The women were terrified and bowed their faces to the ground, but the men said to them, "Why do you look for the living among the dead? He is not here, but has risen. (Luke 24:5 NRSV)

A family was watching a movie of the life of Jesus on television. Their six-year-old daughter was deeply moved as the movie maker realistically portrayed Jesus' crucifixion and death. Tears ran down the little girl's face as they took him from the cross and lay him in a borrowed tomb. She watched as a guard was placed outside the tomb. And then suddenly a big smile broke on her face. She bounced up on the arm of the chair and said with great anticipation, "Now comes the good part."

That's why we celebrate Easter, is it not? To celebrate the good part of the last days of Jesus' pilgrimage on earth. To give thanks for Christ's victory over sin and death. To join our voices with millions of his followers around the world this day to sing, "Jesus Christ is risen today!"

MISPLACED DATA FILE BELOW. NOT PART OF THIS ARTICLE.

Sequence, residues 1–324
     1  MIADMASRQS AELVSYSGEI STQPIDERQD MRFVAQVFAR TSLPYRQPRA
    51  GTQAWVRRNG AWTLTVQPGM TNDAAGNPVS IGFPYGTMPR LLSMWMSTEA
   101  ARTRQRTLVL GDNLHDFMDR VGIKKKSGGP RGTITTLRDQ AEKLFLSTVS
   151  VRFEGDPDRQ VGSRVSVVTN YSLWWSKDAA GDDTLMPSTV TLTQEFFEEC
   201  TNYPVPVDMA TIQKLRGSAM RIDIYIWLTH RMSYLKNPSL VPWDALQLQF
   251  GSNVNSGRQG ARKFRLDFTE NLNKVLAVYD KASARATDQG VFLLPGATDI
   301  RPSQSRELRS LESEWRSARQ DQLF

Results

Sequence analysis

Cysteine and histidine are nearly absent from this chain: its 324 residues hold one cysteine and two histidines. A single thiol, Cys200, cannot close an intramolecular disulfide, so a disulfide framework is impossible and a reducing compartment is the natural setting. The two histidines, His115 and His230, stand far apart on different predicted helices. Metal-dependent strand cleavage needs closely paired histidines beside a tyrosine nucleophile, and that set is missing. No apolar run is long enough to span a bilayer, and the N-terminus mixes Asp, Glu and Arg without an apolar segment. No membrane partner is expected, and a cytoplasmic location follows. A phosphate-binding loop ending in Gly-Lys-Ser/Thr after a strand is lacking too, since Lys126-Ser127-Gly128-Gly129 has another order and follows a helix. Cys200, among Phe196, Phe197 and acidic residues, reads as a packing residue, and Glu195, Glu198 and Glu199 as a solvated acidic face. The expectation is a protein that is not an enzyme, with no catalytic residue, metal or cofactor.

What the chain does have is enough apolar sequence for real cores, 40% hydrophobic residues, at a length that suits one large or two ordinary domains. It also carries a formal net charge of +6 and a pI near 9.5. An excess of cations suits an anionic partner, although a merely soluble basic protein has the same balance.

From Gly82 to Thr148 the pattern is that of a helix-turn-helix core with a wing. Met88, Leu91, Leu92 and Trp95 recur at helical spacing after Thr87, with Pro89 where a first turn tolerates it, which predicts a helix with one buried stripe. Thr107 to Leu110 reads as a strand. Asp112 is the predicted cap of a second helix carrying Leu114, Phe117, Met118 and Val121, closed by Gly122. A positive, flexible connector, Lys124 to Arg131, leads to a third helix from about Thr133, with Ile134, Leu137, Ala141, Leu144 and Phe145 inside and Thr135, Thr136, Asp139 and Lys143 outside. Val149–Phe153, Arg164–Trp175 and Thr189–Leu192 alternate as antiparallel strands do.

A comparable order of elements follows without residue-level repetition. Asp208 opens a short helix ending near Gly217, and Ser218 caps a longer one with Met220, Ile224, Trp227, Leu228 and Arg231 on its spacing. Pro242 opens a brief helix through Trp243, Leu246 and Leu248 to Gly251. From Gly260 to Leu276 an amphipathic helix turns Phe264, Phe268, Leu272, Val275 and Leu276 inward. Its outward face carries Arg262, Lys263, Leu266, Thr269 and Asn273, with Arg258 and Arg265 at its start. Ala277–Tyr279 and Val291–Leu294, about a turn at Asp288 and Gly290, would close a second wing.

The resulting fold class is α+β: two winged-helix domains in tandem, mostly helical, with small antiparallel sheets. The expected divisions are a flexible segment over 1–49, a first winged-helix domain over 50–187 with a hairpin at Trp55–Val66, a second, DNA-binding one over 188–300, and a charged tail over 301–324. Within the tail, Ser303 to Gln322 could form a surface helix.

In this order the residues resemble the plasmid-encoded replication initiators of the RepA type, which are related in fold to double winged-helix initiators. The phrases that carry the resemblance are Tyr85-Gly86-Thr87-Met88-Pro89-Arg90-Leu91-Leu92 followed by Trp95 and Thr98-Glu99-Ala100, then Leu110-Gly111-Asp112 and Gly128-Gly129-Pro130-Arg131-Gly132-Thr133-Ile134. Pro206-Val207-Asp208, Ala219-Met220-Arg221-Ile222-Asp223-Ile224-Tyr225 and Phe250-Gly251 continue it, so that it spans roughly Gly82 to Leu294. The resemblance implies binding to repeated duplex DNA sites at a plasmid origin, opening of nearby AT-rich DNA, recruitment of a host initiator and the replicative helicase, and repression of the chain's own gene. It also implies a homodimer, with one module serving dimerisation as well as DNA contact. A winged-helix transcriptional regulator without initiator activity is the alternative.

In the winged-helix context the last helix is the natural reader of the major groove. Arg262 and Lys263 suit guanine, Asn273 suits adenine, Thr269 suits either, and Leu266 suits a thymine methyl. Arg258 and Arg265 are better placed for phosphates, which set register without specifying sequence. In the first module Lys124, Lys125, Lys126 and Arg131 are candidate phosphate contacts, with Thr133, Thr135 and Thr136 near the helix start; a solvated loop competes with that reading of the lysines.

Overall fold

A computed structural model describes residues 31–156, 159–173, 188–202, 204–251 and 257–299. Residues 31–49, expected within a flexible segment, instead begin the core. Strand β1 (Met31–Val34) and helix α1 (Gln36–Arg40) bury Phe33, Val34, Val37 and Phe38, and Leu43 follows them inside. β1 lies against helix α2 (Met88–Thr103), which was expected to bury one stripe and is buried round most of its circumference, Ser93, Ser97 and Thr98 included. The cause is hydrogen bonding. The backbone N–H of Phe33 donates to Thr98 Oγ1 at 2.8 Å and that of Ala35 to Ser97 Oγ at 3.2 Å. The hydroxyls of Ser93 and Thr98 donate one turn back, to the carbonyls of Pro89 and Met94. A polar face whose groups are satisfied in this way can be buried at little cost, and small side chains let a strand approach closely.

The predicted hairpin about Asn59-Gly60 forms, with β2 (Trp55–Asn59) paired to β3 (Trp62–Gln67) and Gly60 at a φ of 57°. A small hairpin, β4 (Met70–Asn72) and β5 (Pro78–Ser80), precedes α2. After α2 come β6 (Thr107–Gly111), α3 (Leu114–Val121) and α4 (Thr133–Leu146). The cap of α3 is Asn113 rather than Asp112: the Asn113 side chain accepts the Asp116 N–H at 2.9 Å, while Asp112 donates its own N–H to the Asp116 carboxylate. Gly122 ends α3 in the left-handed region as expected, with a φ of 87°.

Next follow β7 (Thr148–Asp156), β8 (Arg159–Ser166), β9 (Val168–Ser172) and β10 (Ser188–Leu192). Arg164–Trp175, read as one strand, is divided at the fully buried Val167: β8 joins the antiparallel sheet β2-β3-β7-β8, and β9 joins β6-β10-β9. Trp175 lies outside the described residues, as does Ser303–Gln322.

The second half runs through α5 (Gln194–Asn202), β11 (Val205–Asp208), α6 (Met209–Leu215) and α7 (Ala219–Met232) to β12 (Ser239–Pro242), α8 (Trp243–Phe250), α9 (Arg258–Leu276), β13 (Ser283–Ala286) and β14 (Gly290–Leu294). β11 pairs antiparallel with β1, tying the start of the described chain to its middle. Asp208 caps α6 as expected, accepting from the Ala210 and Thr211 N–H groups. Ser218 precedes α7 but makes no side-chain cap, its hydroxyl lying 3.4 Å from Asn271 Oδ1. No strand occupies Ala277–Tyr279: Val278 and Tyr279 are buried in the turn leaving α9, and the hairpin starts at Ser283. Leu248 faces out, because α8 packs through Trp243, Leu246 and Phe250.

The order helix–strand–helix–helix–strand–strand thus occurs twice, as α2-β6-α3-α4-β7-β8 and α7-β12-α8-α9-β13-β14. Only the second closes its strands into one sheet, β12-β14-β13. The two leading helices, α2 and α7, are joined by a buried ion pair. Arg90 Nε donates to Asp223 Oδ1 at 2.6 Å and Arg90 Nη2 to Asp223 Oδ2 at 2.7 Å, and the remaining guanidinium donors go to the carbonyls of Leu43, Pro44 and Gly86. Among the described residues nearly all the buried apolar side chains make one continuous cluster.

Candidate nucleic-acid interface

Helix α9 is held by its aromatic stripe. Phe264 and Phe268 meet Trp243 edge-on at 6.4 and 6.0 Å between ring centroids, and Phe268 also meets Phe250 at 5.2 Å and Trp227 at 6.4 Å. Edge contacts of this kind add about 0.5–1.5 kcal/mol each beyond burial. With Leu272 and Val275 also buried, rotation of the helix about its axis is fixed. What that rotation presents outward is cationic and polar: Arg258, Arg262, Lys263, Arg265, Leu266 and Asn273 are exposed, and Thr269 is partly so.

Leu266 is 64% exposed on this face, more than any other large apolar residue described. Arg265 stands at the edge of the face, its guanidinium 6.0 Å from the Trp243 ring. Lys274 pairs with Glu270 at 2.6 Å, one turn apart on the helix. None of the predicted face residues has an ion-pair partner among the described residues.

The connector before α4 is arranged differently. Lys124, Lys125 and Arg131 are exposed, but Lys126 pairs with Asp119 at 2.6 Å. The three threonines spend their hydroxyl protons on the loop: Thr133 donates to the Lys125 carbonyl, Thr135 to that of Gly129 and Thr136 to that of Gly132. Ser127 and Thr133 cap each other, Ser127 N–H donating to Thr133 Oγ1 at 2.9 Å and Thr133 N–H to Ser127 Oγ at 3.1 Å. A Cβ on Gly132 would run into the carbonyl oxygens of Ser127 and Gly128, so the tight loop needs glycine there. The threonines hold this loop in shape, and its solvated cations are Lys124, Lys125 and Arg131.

To complete our celebration I would ask us to focus on these words from John's Gospel, "Mary Magdalene came early to the tomb, while it was still dark." John was simply reporting the facts. And yet, there is another way these words might be interpreted. After all, the writers of the New Testament as well as Jesus himself often used the imagery of darkness and light to signify something else. Mary Magdalene came to the tomb while it was still dark. Darkness could refer to a world without Christ, a world without hope, a world of sin and death, a world where God's promises had been forgotten and God's people felt forsaken. However, darkness is not the end of the story. The dawn broke. God's Son had risen.

Loving God, thank you for the dawn. In Jesus' name, Amen.

Ron Newhouse

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